One drawback, however, with microstrip patch antennas is that they have a relatively low bandwidth and are not generally suitable for broad bandwidth applications. A number of approaches have been taken over the years to try and increase the bandwidth of microstrip patch antennas. Prior proposals, for example, have included adding a second parasitic patch electromagnetically coupled to the driven patch (R. O. Lee, K. F. Lee, J. Bobinchak Electronics Letters Sep. 24, 1987, Vol. 23 No. 20 pp 1017–1072), tuning out the probe inductance with a capacitive gap which allows the use of a thick substrate (P. S. Hall Electronics Letters May 21, 1987 Vol. 23 No. 11 pp 606–607), and including a U-shaped slot in the patch antenna (K. F. Lee et al IEE Proc. Microw. Antennas Propag., Vol. 144 No. 5 October 1997).

None of these prior art approaches to the problem are ideal however. The use of a parasitic patch overlying the driven patch undesirably increases the thickness of the antenna. The capacitive gap needs to be fabricated with high precision. Introducing a U-shaped slot gives an antenna with high cross-polarisation and cannot be used for circularly polarized radiation.

Another example of the prior art is shown in U.S. Pat. No. 4,724,443 (Nysen). Nysen describes a patch antenna in which a stripline feed element is coupled electromagnetically to a patch, and in which one end of the strip (which is parallel to the patch) is connected by the inner conductor of a coaxial cable (which is normal to the patch). In this design only the strip is coupled to the patch and the antenna is not wide in its bandwidth.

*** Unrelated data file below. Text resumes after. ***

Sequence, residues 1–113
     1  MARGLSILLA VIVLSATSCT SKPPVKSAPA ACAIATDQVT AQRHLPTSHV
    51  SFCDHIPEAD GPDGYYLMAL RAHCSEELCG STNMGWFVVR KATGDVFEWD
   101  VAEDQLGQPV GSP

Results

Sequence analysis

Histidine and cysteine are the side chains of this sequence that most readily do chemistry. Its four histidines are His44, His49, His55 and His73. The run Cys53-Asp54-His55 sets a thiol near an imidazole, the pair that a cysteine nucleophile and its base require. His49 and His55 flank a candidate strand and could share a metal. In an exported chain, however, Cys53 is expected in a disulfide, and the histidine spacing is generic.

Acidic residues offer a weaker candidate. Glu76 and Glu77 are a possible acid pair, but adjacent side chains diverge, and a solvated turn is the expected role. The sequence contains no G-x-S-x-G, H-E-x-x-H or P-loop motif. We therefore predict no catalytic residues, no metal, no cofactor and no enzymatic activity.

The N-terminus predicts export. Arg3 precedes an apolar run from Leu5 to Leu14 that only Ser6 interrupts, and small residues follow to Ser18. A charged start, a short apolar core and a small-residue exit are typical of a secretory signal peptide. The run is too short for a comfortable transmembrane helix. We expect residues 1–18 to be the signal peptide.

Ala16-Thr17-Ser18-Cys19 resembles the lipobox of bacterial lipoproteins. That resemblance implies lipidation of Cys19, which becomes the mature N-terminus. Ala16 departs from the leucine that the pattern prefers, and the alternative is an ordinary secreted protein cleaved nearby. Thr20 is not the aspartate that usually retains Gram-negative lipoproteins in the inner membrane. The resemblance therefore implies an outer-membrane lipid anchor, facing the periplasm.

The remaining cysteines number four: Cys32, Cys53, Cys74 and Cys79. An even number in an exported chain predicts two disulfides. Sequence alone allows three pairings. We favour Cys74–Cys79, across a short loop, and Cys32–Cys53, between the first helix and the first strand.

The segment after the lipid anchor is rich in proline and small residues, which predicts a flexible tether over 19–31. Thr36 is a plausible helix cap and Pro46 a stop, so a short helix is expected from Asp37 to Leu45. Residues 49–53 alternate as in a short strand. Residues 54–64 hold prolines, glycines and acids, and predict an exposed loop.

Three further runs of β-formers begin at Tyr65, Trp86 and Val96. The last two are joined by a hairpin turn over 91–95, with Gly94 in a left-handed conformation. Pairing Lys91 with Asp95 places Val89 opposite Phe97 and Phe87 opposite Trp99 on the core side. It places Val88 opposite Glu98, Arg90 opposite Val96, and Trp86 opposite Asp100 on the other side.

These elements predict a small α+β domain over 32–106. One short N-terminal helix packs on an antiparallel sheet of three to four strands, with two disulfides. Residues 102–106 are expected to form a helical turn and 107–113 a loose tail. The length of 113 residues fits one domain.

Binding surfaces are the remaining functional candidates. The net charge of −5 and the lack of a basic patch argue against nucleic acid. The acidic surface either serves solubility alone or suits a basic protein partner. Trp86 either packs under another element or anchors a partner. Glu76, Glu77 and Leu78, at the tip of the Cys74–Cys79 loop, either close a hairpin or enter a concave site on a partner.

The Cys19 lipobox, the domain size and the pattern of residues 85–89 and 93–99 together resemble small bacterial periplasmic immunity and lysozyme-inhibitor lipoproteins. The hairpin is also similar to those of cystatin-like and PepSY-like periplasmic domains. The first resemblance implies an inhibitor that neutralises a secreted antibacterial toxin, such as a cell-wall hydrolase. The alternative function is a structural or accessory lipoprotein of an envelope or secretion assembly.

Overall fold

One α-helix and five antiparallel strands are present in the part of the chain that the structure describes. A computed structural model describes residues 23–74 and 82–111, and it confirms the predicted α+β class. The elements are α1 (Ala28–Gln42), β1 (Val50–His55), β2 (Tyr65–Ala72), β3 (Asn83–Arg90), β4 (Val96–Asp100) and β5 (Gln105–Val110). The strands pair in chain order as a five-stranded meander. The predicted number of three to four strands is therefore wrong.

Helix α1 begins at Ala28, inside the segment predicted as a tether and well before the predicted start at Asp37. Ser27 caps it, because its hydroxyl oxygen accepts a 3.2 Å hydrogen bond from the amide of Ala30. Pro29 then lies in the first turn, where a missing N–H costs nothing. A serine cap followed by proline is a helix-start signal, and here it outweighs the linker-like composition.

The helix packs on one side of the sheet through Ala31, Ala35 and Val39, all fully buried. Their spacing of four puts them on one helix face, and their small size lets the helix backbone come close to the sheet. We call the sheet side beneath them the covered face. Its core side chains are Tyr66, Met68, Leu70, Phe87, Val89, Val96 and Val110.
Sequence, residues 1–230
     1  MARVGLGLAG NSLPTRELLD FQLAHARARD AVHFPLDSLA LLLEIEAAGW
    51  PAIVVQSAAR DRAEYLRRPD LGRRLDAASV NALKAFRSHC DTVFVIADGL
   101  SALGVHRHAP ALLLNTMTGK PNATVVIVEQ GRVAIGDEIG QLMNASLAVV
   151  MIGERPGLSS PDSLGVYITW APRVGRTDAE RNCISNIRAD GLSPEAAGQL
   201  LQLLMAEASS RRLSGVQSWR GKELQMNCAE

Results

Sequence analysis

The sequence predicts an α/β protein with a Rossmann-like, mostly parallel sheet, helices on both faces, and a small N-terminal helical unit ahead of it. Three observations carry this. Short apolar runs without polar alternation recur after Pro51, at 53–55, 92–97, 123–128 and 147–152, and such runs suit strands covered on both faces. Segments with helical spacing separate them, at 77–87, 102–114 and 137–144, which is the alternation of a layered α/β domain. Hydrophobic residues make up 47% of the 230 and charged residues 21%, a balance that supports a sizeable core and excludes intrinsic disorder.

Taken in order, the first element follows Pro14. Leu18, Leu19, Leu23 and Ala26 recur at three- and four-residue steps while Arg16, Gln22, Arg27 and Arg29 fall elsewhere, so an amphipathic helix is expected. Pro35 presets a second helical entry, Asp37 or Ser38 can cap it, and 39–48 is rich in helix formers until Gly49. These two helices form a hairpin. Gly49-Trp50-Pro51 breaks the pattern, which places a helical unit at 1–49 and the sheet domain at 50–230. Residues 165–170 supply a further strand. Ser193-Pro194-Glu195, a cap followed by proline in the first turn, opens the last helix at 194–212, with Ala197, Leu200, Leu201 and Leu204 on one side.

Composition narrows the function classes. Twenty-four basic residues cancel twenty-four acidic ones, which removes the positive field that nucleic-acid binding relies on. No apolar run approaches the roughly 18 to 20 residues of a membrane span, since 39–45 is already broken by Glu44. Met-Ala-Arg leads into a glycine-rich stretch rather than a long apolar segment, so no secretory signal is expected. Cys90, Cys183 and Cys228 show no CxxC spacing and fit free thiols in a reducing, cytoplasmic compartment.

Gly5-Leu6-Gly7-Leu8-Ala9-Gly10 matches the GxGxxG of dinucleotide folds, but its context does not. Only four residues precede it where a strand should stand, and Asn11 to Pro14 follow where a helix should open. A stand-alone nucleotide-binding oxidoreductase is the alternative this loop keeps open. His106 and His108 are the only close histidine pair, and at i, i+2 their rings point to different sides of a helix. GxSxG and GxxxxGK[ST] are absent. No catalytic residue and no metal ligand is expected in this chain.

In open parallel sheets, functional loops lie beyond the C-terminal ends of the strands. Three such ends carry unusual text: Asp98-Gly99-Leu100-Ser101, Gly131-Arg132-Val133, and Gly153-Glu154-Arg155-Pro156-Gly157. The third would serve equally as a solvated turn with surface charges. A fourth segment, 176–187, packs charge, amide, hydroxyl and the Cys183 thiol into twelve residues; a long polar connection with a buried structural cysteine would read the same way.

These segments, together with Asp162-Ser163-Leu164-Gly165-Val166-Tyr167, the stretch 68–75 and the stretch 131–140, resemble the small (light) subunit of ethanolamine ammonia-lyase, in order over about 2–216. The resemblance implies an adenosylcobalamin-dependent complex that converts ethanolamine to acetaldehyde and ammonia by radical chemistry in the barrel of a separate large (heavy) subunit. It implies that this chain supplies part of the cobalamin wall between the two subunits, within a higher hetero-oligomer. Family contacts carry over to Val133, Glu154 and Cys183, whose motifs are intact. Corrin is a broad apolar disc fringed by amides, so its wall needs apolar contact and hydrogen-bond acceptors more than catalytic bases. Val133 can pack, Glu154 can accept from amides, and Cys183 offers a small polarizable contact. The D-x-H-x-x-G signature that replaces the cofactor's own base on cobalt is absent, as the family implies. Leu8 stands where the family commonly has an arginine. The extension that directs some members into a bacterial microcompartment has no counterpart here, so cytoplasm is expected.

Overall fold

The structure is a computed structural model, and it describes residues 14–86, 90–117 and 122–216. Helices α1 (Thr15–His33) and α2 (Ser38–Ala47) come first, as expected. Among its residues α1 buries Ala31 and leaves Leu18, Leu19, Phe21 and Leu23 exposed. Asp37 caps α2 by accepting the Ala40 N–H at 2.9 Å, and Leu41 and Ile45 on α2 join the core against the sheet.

U.S. Pat. No. 6,593,887 (the contents of which are incorporated by reference) describes a patch antenna that is driven by an L-shaped probe disposed between the patch and the ground plane. The probe has a first portion normal to both the patch and the ground plane, and a second portion parallel to both the patch and the ground plane. The lengths of the two portions are selected so that the inductive reactance of the first portion is cancelled by the capacitive reactance of the second portion. This design is quite effective, however the antenna of U.S. Pat. No. 6,593,887 can achieve a gain of only about 7.5 dBi and the cross-polarisation of the antenna remains quite high at about −15 dB. The concept of using an L-shaped probe is also discussed in K. M. Luk et al, “Broadband microstrip patch antenna,” Electron. Lett., 1998, Vol. 34, pp. 1442–1443.